From the Archives: A Review That Doesn’t Suck

Reviews aren’t always topical. Written in 2010, it continues to hold its own as a solid read, even if it is art criticism.


Toronto Part One: David Hoffos at the Museum of Contemporary Canadian Art (MoCCA)

The House Dream takes the unreality of the dollhouse and invests it with a creepy poignancy—like the terror of things that blend the real with the unreal, a motif explored throughout numerous horror films, i.e. Child’s Play, more commonly known as the “Chucky” movie. At MoCCA, shoebox-sized dioramas were shoved into the walls, stages that, in many cases contained interior scenes of bedrooms and living rooms. What could be an intricate, static presentation of domesticity past—many of these scenes recall a mid-20th century aesthetic—Hoffos has transformed into a compelling non-site by merging the past with present.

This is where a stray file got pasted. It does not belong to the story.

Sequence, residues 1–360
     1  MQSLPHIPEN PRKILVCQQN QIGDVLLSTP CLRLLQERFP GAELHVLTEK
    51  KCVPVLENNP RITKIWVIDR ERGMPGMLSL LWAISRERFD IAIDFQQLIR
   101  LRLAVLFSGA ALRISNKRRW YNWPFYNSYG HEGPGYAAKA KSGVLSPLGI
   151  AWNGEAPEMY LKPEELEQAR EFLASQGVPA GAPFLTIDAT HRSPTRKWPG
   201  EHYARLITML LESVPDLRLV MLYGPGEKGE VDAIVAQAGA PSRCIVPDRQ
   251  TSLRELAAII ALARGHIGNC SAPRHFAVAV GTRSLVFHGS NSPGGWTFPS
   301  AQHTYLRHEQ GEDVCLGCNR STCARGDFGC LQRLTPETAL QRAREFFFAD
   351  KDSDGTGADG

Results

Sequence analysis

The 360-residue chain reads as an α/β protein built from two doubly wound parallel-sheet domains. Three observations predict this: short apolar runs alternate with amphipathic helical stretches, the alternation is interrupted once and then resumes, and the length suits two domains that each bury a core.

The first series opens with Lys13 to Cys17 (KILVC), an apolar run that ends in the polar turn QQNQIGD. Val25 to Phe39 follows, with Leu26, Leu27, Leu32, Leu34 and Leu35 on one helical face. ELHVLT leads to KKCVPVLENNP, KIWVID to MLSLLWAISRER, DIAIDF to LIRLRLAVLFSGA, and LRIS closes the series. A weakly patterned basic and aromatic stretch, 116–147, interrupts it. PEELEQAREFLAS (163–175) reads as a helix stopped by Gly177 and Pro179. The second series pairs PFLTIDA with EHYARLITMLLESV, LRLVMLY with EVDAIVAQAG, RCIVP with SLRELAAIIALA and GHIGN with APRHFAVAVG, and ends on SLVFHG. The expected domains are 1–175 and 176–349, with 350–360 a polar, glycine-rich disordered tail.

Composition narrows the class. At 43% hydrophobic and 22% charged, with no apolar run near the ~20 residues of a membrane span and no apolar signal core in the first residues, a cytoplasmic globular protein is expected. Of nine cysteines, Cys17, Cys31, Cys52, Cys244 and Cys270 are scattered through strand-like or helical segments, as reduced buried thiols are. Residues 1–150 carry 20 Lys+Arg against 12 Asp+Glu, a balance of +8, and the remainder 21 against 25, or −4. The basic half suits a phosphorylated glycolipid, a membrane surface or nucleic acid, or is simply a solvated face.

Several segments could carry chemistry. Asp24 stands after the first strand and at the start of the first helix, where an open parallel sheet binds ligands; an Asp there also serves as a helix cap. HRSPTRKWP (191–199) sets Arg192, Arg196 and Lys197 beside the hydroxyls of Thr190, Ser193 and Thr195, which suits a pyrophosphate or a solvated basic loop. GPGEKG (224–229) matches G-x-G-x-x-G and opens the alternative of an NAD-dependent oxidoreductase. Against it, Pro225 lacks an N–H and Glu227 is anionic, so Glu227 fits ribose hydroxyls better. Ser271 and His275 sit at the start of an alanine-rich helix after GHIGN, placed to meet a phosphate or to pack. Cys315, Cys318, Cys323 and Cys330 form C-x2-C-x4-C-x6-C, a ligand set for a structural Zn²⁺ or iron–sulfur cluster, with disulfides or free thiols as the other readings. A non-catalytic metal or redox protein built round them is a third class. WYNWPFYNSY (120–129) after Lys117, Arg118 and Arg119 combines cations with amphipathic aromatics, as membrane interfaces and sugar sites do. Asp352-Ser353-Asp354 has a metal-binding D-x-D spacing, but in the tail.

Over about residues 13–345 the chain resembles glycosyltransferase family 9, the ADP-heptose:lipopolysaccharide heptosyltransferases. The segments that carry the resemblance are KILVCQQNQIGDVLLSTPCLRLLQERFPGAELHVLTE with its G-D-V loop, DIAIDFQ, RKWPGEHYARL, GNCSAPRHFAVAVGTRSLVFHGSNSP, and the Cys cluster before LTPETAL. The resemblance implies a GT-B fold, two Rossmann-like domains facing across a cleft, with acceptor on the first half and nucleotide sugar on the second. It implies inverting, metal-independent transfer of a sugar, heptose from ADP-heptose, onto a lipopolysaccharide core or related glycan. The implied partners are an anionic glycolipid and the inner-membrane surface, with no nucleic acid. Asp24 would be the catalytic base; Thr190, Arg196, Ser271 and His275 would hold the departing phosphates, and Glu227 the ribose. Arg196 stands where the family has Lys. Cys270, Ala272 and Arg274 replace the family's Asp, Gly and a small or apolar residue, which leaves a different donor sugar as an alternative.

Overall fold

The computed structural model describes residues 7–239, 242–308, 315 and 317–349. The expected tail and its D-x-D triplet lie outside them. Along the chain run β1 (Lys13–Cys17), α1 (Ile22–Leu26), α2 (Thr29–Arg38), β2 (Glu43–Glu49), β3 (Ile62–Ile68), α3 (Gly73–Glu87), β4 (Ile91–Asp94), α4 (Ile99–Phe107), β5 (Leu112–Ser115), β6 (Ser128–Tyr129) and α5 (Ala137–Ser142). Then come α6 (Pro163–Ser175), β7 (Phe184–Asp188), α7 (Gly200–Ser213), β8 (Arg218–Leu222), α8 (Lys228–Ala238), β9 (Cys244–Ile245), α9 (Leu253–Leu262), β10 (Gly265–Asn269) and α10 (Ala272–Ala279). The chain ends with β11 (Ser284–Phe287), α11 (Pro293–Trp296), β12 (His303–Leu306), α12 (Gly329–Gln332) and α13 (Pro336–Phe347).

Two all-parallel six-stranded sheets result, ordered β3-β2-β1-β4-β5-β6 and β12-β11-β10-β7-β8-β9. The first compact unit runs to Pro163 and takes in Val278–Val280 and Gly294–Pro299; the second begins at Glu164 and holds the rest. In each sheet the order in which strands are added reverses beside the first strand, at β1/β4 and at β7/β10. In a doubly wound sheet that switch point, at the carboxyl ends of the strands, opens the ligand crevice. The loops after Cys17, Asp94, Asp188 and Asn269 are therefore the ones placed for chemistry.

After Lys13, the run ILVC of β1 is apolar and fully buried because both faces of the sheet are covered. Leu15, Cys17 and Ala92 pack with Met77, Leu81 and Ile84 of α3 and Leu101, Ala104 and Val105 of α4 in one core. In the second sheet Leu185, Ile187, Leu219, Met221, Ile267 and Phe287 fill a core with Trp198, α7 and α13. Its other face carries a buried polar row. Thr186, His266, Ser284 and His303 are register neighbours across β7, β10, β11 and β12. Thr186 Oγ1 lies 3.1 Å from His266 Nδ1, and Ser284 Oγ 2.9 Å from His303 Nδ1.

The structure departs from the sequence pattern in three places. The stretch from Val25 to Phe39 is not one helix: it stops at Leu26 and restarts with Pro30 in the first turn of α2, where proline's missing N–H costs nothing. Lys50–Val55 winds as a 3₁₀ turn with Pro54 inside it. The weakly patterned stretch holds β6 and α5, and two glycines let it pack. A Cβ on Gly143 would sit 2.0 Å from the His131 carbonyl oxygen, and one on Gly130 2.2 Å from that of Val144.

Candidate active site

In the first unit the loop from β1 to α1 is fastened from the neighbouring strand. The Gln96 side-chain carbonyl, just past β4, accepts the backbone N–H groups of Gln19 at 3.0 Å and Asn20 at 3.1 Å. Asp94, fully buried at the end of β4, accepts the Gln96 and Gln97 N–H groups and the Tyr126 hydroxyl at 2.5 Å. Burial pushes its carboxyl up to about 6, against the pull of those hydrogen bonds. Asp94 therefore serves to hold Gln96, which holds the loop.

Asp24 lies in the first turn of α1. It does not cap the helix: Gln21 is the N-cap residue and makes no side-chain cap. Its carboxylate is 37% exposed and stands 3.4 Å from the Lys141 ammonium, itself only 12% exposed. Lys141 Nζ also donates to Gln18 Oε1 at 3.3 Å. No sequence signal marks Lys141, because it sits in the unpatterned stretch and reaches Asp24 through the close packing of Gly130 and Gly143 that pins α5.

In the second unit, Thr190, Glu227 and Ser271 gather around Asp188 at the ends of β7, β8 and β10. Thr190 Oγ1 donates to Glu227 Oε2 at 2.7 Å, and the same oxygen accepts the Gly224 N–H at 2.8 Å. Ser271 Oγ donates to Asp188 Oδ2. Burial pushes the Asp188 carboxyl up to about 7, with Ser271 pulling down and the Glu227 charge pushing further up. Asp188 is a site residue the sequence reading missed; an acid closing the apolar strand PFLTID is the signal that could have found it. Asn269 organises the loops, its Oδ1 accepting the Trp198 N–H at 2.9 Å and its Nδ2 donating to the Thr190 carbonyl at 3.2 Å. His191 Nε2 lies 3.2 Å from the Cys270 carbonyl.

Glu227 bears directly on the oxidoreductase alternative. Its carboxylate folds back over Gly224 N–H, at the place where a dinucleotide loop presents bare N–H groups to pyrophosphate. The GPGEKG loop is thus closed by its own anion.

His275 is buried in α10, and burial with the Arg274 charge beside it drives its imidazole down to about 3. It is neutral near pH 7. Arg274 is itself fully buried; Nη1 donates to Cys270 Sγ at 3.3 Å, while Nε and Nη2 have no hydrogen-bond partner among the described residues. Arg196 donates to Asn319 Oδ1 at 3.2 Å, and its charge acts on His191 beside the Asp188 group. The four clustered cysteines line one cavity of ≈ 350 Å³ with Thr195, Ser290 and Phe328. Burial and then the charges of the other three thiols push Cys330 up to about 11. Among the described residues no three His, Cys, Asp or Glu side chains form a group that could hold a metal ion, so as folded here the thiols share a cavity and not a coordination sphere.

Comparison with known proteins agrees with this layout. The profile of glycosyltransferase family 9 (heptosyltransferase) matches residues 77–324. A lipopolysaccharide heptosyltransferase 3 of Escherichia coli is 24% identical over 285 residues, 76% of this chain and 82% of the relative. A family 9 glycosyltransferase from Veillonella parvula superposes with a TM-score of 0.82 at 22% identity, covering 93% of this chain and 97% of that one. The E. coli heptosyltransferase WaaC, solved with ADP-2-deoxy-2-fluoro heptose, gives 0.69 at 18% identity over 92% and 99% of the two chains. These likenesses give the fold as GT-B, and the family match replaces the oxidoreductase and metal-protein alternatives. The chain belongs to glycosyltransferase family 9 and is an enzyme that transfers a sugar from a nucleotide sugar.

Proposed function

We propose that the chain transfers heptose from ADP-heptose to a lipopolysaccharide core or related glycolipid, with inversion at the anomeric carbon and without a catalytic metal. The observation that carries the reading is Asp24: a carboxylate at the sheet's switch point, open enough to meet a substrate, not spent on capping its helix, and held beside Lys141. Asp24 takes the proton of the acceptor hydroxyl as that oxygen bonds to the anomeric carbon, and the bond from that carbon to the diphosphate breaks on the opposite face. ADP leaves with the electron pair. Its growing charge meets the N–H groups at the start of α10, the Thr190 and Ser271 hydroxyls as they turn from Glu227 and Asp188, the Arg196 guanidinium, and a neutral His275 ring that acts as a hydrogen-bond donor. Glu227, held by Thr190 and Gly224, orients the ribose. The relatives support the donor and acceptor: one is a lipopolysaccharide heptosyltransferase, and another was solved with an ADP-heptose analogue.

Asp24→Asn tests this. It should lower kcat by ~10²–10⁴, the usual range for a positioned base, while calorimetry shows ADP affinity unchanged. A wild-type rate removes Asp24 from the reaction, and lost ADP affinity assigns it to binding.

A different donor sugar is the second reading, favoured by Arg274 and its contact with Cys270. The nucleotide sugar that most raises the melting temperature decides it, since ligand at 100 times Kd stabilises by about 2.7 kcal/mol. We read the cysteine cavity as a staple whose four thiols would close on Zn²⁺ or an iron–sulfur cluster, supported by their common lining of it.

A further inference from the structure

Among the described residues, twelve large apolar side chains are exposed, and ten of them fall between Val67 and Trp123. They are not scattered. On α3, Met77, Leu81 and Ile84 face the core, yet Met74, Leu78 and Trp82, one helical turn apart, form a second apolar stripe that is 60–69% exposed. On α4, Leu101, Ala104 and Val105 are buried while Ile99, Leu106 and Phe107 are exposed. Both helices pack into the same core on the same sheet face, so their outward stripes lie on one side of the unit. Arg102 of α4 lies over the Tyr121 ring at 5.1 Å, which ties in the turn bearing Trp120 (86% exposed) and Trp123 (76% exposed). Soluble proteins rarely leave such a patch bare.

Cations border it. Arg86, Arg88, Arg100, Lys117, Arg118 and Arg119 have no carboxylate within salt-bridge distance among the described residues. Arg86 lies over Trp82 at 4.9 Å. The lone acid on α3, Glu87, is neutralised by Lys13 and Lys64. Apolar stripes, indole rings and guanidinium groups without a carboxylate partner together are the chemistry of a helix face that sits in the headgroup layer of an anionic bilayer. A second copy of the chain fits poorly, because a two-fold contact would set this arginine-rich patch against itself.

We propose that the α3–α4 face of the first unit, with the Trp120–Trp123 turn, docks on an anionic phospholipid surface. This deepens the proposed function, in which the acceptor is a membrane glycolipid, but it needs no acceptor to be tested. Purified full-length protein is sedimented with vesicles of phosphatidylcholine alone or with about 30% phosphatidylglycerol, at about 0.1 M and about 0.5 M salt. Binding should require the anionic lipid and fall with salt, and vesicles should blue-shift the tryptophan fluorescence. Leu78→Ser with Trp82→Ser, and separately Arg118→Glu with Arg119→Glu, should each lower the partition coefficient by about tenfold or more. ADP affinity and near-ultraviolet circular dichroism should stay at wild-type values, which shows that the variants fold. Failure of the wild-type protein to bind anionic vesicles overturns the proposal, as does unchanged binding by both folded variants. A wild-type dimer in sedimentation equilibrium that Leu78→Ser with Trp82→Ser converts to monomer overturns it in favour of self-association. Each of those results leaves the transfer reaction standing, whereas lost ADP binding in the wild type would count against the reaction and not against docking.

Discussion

early autumn in toronto (preface)

I hoisted myself onto a northbound propeller plane this past weekend.  Whenever I fly, during every single takeoff, one of my irrationalities unforgivingly emerges.  Even though I’ve tried to dispel my fears about flying, telling myself not to worry according to various mantra-like methods, my heartbeat quickens and my breath shortens.  This lasts just a … Continue reading